Wednesday, January 23, 2008

Will YouTube ruin moviemaking?

Do I get thrown out of the horror geek guild if I admit that I found Blair Witch boring? Jerks get lost, someone's standing in a corner, the end. At what point was I supposed to be scared?

And where was the witch?

Blair Witch tried to pull the same stunt Jaws did. Disorientation plus apprehension equals jitters. But at the end of Jaws, I was rewarded when I saw saw the object of my terror made flesh and bone. Blair Witch wussed out.

"You're supposed to use your imagination," my friends explained. But by that logic, why make a movie at all? Why not just tell people there's something lurking under their beds and leave it at that?

If you go to the trouble to make a monster movie, you owe your audience at least one good, long look at the monster. Bless you, M. Night Shyamalan.

At least Blair Witch was trying to be original. Two new movies - Cloverfield and Diary of the Dead - sound as if they were modeled after UGC. They're monster movies, as they'd be posted to YouTube. Their style is the exact opposite of stalker vision. Instead of seeing what the killer sees, you see what the victim sees.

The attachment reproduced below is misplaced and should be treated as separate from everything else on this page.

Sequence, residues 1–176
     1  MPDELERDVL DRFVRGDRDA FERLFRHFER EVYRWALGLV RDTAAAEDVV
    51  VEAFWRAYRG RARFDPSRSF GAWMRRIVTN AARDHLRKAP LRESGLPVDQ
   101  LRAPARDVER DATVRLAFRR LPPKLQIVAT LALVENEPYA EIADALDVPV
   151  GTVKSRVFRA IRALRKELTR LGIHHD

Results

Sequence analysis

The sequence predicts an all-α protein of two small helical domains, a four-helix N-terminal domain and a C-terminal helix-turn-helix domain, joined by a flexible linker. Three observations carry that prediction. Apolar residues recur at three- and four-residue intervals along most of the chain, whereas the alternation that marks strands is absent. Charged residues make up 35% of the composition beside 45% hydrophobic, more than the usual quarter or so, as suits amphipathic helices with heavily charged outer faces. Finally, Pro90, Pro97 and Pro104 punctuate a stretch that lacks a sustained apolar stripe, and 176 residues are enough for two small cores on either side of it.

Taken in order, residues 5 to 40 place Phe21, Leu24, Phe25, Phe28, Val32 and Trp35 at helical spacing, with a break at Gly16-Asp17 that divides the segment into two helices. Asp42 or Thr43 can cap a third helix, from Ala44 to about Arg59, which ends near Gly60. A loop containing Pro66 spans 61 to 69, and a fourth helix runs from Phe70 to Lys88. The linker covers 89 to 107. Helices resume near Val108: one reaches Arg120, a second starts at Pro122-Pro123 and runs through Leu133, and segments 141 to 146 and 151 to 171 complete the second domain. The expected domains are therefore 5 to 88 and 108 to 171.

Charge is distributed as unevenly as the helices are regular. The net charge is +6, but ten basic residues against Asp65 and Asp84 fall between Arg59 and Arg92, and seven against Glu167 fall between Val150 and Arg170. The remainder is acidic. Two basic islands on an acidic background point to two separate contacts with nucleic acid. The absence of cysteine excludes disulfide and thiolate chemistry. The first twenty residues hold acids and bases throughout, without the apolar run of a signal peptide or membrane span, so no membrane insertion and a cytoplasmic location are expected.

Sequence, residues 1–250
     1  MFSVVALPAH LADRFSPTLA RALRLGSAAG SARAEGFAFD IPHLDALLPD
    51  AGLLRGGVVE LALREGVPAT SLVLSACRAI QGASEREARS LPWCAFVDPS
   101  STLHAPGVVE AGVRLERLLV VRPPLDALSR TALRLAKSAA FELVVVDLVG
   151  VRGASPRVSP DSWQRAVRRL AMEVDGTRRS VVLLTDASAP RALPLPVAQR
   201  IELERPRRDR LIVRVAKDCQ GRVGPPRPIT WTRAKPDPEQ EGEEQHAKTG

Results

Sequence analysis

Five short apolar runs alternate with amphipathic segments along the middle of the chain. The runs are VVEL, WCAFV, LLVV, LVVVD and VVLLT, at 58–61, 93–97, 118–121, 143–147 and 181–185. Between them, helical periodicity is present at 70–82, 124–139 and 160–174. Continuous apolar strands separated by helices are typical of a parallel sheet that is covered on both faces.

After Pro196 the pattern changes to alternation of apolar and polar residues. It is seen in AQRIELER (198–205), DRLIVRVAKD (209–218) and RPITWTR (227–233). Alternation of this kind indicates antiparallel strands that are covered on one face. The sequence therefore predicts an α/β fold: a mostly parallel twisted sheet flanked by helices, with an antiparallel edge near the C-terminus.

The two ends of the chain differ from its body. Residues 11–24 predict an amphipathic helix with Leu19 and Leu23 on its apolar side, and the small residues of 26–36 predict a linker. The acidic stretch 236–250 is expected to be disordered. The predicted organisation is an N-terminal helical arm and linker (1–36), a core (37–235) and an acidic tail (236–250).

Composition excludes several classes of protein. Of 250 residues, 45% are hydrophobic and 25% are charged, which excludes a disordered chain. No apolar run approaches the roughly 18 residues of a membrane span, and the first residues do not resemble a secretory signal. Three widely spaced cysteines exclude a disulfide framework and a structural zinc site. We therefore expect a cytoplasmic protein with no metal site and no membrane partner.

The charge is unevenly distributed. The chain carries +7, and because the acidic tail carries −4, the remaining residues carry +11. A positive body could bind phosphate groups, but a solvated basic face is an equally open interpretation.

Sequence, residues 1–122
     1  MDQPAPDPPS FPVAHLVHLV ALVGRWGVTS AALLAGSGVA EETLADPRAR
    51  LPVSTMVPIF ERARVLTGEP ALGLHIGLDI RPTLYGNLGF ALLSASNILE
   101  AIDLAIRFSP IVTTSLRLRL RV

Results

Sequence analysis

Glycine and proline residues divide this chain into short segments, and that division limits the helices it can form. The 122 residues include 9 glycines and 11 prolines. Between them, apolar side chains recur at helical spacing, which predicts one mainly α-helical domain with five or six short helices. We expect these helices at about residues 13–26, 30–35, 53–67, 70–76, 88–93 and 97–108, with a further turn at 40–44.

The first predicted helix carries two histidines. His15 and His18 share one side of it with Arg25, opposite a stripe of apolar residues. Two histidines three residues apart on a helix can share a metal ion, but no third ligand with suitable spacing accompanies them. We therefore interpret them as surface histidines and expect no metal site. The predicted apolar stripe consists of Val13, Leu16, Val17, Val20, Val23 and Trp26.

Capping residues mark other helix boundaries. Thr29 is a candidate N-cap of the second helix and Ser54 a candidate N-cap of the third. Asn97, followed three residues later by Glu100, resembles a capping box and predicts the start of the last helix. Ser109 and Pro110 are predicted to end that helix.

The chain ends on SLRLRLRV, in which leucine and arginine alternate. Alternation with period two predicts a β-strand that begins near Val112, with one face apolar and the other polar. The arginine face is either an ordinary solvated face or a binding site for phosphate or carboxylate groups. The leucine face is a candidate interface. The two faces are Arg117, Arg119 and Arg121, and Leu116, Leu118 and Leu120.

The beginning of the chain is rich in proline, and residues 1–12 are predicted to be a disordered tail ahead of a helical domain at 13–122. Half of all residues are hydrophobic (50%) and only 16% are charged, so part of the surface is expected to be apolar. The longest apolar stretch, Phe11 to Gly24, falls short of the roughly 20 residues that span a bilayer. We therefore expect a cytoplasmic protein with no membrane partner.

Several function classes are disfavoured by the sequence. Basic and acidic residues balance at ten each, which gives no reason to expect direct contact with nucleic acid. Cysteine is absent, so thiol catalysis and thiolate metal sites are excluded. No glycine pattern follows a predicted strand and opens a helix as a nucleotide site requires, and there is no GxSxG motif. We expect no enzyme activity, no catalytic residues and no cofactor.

In theory this intimacy should be scary, but in reality it's almost always annoying. Because in real life, you'd never get to see the monster. It either eats you when you least expect it, or while you're running the opposite direction.

Cloverfield has received positive reviews and Diary of the Dead is the work of a film legend. They may turn out to be individually brilliant. But in general Hollywood shouldn't try to emulate the style of amateur Internet content creators. Hollywood's advantage is that it has the financial resources and SFX knowhow to actually show us the monster. It ought to exploit that edge.

Image from the The Village and Fair Use rationale found on wikipedia.

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